Henny Penny Art Space & Cafe is at 1514 Bull St.
THE FOXY Family Dynasty is at it again.
First with Foxy Loxy Café in September 2011, then with The Coffee Fox in December 2012 and now with Henny Penny Art Space & Café on April 7, the Foxy Family continues to find niches and solve problems involved with maintaining a successful business.
As a local coffee house that bakes and delivers fresh baked goods to The Coffee Fox daily, the bakery team at Foxy Loxy Café outgrew the kitchen and was in need of their own dedicated space.
“We needed a central bakery hub,” Clay Ehmke, the current front of the house manager ata Henny Penny, divulges.
So rather than squawking, “The sky is falling” like Henny Penny, Jennifer Jenkins, owner of all three establishments, embraced the adage that every cloud has a silver lining. She did this by searching everywhere for the right property to house a bakery, even the Islands.
“We wanted to be far enough away so that we didn’t compete with ourselves, but we ended up with the opposite of that.”
Ultimately, the new bakery and café now resides in the former Naked Dog and Reality Bites space at 1514 Bull St., only a few blocks away from Foxy Loxy Café.
The silver lining?
“(Henny Penny) serves as our wholesale operation to ourselves...it solves so many problems,” Jenkins admits.
Jenkins and staff realize now that “it’s more convenient to be nearby because there is a lot of back and forth from Foxy Loxy to Henny Penny.”
Henny Penny Art Space & Café employs about five bakers, one of which is part owner and back of house manager, Anjel Lee. The bakers make everything from scratch in shifts, like each morning preparing kolaches and scones, then in the evenings, brownies and cookies.
The baked goods are delivered every morning to Foxy Loxy and The Coffee Fox, saving a few goodies for Henny Penny’s bakery display case.
In addition to baked goods, their Cold Brew production happens on the Henny Penny premises. Perc Coffee beans are ground, brewed, kegged and dispersed among all three locations. According to Ehmke, they are serve about 150 gallons of Cold Brew per week on tap.
Along with their wholesale operation, “Henny Penny has a small front of house, with a coffee program and a bake case,” Ehmke explains.
Given that the two Bull Street cafés are right down the street from each other, one may assume they’d be rivals for business.
Think about it, in the children’s folk tale, Foxy Loxy tried to eat Henny Penny. However, Jenkins and management were determined to differentiate the cafés, so that this did not happen.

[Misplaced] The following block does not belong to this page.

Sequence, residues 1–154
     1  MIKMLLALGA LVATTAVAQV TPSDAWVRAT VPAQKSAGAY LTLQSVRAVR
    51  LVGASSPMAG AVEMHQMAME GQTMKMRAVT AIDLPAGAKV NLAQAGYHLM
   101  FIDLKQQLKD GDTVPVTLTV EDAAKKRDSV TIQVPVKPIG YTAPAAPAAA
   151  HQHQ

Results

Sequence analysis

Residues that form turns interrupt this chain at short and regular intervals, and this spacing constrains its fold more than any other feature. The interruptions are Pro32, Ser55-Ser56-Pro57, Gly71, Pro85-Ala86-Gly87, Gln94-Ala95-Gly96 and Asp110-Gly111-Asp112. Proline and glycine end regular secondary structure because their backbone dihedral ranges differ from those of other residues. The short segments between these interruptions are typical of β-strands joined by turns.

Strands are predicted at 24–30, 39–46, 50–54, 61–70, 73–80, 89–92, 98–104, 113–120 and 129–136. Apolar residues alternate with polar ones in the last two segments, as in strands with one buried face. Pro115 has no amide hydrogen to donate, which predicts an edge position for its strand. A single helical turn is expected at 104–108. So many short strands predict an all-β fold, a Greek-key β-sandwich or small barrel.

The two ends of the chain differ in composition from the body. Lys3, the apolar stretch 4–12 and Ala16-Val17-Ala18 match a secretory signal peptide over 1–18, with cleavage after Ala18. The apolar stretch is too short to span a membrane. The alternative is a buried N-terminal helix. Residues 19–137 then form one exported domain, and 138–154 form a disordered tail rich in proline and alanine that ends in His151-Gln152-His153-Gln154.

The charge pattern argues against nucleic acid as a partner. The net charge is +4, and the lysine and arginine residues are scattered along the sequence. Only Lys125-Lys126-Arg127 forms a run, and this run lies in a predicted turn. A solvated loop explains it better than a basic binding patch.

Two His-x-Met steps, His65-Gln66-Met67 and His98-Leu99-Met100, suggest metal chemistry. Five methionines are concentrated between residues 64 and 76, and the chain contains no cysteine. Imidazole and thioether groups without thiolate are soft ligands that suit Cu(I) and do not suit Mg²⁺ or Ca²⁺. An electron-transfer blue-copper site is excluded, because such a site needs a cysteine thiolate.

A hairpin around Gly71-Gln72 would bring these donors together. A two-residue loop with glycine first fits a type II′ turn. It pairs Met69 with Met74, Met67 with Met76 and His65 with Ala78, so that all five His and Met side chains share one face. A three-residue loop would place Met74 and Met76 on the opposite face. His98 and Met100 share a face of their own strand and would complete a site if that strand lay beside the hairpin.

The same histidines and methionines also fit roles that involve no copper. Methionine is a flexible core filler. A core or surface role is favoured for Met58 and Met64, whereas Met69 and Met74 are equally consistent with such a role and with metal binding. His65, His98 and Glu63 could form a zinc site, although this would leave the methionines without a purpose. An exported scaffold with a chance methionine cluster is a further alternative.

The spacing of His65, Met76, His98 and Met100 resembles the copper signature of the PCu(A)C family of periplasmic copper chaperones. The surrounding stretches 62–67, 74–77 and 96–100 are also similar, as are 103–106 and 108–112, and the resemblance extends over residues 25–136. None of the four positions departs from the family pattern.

The first blaring difference is that Henny Penny is also an art space for children. The Foxy Family collaborated with Savannah’s own Scribble Art Studio, to offer a place for children to be creative. The studio resides within the same space as the bakery and café and is open Monday-Friday from 10-4.
For just $5, children have access to art supplies and the support of a Scribble Art staff member. Additionally, Scribble Art Studio hosts weekly events like Play Dough Play-Dates on Tuesdays and Thursdays as well as Petite Picasso classes on Fridays.
Given that the art studio brings families and children into Henny Penny, this separates them from the college-aged patrons of Foxy Loxy.
The next variance between the two cafés is the menu. At Henny Penny, kids have their own Chickadees menu that features treats like Unicorn Hot Chocolate, made with homemade mocha sauce, marshmallows and sprinkles. The bakers also cater to little customers by preparing kid-sized goodies like mini brownies.
Other drink offerings that are exclusive to Henny Penny are frozen milkshakes like the Horchata Latte, made with chilled espresso and Leopold’s horchata ice cream.
They also serve specialty smoothies like the Matcha Peach Lassi, made with organic green tea powder, low-fat vanilla yogurt and blended peaches.
Henny Penny’s bake case features products sold solely at this location and provides support to other local small businesses. Chef Shawn Harrison, owner of the vegan pop-up series “Tephra”, utilizes Henny Penny’s kitchen as a commissary and sells handmade vegan doughnuts independently out of their case.
When I sunk my teeth into the Key Lime doughnut, it was immediately reminiscent of the tart pie. The doughnut was tender, harmonizing flavors of toasted coconut, graham cracker crumble and lime peel caramel.
It proved to me that vegan doughnuts are just as damn delicious as any other.
Henny Penny also serves Pie Society’s scratch-made potpies as a take and bake option “so people in the community do not have to go all the way downtown to purchase one”.
If you’re in the mood for something savory, Henny Penny serves breakfast kolaches. This is a semi-sweet Czech pastry that was popularized in Texas.
Since Foxy Loxy serves Tex-Mex fare, kolaches have graced the menu for years. Henny Penny bakers make the dough by hand and once it has been properly proofed, they either stuff them with eggs and cheese or nest them, like a Danish, with cream cheese and nutella.
The stuffed pastries each have their own special fillings and are identified by a brown symbol. Take the Sunrise Scramble, which had a minimalistic sun icon displayed on the top of the roll. It was soft like a yeasted dinner roll and cram-jam full of eggs, cheddar cheese, sausage, poblano peppers and sweet yellow onions.
The last difference between Henny Penny and Foxy Loxy is their hours. Henny Penny opens 30 minutes earlier at 6:30 a.m. and closes at 6 p.m., contrasting Foxy’s late night 11 p.m. hours.
The good news is that the Foxy Family is not done yet. While they have had a few setbacks, this summer we can expect an all vegan café called Fox & Fig.
As a vegan himself, Ehmke will take on the role as co-owner and general manager of the new eatery.
“The goal of Fox & Fig is that it’s not an exclusive place only for vegans. We will serve food that anyone can eat and enjoy.”